Let me start again and you can see where I am going with this. Several members of my family have food allergies, which means there are very few off the shelf products we can buy. When this first raised its head 20 years ago, a number of things disappeared from my plate, but the one I missed the most was gravy. Due to the additives in commercial gravy powder we cant have it, and so that set me off on that great food journey to where we are today. Over the years I have developed various sauces and ingredients which I can make to replace the commercial products denied me. Several of these are so good you feel disappointed when I do get to have the commercial version again. Bread is a classic example. We make it fresh every day. However sometimes when I am working away I try a supermarket sandwich, and it doesn’t come close.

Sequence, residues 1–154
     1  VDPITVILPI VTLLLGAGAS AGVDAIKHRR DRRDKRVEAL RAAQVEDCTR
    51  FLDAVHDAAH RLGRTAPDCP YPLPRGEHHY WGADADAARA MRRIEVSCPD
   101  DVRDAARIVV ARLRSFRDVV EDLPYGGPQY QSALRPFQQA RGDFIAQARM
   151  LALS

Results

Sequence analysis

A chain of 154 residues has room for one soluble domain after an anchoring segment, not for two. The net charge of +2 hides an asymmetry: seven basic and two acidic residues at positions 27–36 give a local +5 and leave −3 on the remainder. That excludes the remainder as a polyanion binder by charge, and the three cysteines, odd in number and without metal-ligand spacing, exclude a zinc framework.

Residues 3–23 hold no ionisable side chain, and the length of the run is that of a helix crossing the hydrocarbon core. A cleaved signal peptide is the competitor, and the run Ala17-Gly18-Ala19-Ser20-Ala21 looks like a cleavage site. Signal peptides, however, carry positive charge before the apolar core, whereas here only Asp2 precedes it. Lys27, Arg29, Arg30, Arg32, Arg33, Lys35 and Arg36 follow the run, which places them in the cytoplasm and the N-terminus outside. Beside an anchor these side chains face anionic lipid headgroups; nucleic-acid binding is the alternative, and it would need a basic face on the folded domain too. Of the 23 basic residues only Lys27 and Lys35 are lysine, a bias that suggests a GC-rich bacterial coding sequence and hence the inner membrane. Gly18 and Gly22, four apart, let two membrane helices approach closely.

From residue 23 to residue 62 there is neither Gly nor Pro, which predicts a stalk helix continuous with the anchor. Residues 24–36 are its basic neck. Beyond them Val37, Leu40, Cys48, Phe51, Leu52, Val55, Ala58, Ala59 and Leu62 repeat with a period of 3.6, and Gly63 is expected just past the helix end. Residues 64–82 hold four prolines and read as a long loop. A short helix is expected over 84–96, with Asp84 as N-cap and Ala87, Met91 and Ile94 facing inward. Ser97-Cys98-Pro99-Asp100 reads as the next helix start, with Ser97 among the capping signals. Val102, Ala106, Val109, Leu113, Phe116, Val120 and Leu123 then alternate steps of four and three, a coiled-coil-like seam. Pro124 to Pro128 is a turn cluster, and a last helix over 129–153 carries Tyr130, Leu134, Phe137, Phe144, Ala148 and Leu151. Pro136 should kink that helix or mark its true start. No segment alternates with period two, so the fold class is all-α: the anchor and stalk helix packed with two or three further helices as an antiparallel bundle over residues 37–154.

Anyway we digress. after a few years we did manage to find a commercial gravy liquid we could have, but now the manufacturers have changed the recipe, which now includes ingredients we cant have. So the hunt is now on for a Tom Green Substitute.

Luckily last summer I developed my combined smoker / Dehydrator

From which then came the surprise of the summer Smoked Tomato powder which we  now couldn’t live without, it finds it way into all manner of meals. Since then I have tried smoking and dehydrating several vegetables. Smoked Pepper powder was a critical success, Home grown and smoked paprika whilst great it turned out too hot for my palette, as it turned out I grew what for me would be a very hot pepper ( 5000+ scoville), so this year I am growing a milder paprika pepper. However we haven’t tried a smoked vegetable mix.